Well-Heeled Donors Flood Mayor Rawlings with Money. Hey, You Know What Else Floods?

Mayor Mike Rawlings, worth his weight in gold. Literally.
Mayor Mike Rawlings, worth his weight in gold. Literally.

Why is Mayor Mike Rawlings so strong for the Trinity toll road? Several months ago he made sort of a show of thinking about it. Then he announced his support. But was there ever any doubt?

As we move closer to the May elections, the focus of those elections is drawing down tighter on the proposal to build a tolled expressway through downtown Dallas along the banks of the Trinity River. Rawlings' only opponent, lawyer Marcos Ronquillo, has come out against it. The road promises to be a defining issue not just in the mayoral race but also in a number of key council contests.

Rawlings is a Democrat and a nice guy who consistently comes down on the side of the city's old moneyed elite on a variety of issues. The toll road issue may a good example why no one should be surprised.

Even a cursory look at the $3.3 million Rawlings has garnered in donations in four years creates one overwhelming impression: If Rawlings had failed to give the toll road anything but his fullest support it would have been a betrayal of his most generous and enthusiastic supporters at the very heart of the city's wealthy establishment.

He may be a Democrat, but Rawlings comes from and runs with the rich and the old.

Among his big contributors are some who were the most ardent and generous supporters of the 2007 campaign to defeat Angela Hunt's anti-toll road referendum. Others are captains of the public works construction industry, directors of the Trinity Trust and an awful lot of names from D Magazine's favorite feature, the 100 most expensive homes in Dallas.

Of course, giving financial support to a candidate for office is a sacred American right that these people have every reason to exercise. But one aspect of Rawlings' support did leap to my own eye when I first started looking. I was under the impression -- mistaken I now know -- that the most recent formulation of an ethics code for city candidates in Dallas limited the amount an individual could contribute to $5,000.

On Rawlings' list, only the pikers kick in a mere five grand. John Adams, retired head of Trinity Industries, a supplier of highway construction materials, kicked in $20,000 with his wife, which would put them at 10 grand apiece. Philanthropist Ruth Altshuler Sharp is in for $13,500. Beer distributor Barry Andrews is down for 20 thousand. Several partners in the same capital investment firm with Rawlings have kicked in amounts three and four times the $5,000 limit.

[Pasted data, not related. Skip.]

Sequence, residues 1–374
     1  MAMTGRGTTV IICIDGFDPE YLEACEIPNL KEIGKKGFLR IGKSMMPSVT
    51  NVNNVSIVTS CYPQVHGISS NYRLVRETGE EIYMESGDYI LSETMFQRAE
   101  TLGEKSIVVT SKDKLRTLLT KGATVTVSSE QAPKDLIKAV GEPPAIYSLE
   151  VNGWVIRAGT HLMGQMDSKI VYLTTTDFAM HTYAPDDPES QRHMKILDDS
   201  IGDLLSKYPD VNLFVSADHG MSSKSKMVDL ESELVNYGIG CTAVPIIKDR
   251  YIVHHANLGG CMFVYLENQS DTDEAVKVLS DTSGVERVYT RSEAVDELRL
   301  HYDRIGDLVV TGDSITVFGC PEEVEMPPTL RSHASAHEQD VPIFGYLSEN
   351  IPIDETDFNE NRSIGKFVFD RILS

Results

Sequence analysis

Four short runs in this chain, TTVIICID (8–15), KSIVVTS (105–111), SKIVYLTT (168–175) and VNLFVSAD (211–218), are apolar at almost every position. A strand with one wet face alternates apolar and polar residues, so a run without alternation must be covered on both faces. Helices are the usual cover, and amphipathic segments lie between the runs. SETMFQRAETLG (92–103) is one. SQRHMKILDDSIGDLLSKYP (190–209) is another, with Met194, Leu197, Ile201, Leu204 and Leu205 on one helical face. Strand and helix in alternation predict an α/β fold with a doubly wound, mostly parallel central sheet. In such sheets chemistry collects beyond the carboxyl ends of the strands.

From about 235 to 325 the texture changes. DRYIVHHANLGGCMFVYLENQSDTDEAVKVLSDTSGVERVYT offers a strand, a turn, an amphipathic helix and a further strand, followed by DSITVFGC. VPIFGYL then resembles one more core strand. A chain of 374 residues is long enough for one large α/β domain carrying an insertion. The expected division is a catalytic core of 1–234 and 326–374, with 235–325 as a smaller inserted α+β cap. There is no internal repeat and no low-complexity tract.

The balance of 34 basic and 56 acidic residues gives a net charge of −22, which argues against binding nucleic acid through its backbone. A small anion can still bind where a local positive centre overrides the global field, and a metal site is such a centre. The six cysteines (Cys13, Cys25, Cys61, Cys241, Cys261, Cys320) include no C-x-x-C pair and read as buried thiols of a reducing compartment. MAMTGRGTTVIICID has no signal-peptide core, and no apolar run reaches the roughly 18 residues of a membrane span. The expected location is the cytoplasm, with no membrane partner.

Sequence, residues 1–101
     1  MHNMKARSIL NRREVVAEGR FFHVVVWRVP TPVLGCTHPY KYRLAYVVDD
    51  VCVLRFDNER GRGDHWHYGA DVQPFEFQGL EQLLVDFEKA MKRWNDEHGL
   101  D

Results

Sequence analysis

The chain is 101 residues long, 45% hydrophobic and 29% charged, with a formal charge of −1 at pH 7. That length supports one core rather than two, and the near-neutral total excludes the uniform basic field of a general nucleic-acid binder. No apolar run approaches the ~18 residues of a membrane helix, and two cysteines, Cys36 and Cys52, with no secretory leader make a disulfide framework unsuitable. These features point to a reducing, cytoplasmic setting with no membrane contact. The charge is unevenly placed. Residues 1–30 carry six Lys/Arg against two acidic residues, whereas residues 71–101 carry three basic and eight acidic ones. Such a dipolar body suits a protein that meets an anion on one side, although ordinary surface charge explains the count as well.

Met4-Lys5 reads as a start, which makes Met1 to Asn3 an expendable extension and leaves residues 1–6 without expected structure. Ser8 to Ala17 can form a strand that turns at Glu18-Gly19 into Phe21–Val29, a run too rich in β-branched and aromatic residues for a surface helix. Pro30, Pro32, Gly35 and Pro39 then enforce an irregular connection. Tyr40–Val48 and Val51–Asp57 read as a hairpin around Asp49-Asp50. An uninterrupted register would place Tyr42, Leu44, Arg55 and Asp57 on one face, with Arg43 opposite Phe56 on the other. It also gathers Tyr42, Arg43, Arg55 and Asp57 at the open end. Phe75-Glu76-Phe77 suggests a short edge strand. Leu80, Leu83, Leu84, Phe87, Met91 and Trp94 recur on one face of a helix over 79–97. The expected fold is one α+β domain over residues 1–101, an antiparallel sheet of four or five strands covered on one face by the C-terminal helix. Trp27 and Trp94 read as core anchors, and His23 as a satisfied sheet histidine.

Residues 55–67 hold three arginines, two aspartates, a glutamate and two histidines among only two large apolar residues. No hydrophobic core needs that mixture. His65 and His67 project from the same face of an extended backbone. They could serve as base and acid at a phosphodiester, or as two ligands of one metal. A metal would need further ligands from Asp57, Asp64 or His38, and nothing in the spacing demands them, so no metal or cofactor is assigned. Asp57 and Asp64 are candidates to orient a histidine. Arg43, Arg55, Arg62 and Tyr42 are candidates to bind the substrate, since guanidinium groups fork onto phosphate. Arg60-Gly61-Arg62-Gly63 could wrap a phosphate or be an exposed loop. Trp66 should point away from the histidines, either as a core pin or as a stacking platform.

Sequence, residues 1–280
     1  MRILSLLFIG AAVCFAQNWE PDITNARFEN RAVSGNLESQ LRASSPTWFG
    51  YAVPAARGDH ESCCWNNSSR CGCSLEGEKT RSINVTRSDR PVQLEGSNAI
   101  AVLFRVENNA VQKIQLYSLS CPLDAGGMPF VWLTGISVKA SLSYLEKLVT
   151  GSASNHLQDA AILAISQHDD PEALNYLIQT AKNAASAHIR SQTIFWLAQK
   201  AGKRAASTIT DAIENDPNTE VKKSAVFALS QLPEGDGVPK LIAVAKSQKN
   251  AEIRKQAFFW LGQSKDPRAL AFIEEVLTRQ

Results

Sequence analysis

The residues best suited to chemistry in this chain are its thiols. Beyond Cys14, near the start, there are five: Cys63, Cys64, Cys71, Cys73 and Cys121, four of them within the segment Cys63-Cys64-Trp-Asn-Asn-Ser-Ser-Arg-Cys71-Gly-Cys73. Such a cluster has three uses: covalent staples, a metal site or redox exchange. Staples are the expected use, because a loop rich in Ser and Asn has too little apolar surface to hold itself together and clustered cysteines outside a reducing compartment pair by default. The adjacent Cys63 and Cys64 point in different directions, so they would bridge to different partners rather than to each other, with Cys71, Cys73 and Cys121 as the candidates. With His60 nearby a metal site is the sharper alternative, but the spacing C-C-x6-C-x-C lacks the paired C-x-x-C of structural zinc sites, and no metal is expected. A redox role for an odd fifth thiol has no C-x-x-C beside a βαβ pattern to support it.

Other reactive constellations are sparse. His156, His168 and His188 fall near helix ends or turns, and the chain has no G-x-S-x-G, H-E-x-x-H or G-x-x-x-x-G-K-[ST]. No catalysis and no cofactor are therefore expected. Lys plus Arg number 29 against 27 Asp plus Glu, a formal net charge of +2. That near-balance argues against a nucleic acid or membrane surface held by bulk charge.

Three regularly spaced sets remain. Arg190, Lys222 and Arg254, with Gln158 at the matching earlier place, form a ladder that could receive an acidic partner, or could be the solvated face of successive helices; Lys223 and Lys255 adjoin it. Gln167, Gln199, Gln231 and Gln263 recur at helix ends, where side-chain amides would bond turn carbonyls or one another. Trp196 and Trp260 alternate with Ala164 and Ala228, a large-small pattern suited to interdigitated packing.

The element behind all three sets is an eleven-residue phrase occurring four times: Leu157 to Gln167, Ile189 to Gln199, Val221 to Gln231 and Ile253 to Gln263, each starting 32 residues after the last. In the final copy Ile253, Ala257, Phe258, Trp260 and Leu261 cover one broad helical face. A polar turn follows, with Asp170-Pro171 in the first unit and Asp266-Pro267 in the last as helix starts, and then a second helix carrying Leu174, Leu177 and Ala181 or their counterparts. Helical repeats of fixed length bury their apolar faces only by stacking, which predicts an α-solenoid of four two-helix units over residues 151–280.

When you forget about the $5,000 limitation per individual and look at households, the amounts get pretty mind boggling. Unsuccessful City Council candidate Brint Ryan, whose company helps firms acquire tax breaks, was joined by his wife and children in giving $66,656 to the Rawlings cause. Rawlings scooped up $35,000 from the household of his CIC partner, Marshall Payne, a man seldom in the news except occasionally for being a friend of Laura Bush or for trying unsuccessfully to launch a fracking operation in the beautiful and remote Cevennes region of Southern France.

As it turns out, the $5,000 limit does not exactly apply to Rawlings or to any other incumbent on the City Council. Exactly. It's confusing.

I spoke with Brylon Franklin, the city's elections manager, who informed me that the $5,000 limit only applies to the amount an individual may give to a candidate running for office. Once a candidate has been elected and is occupying the office, then an individual may give the officeholder any amount up to a zillion dollars. And wouldn't you know, in looking back, that our astute City Council, when it was putting tougher its vaunted "ethics reform" in 2009 under then Mayor Tom Leppert, would have carved out a nice little niche like this for incumbents.

Let's call it the Sky Rule. According to Franklin, once you're in, the sky's the limit.

"It's kind of a little crazy and confusing to say the least," he agreed. "What you have is a candidate, quote unquote, and then an officeholder. If this candidate is duly elected, then they are an officeholder."

I wasn't confused yet.

"In that regard," Franklin said, "an officeholder doesn't have any limits."

The $5,000 limit on contributions to candidates, he said, covers the entire period of that person's campaign and subsequent term in office. Then if he runs again, the same contributor may give a total of $5,000 again to the new campaign. But in the meantime, Franklin said, the same contributor may give as much as he likes to the officeholder account.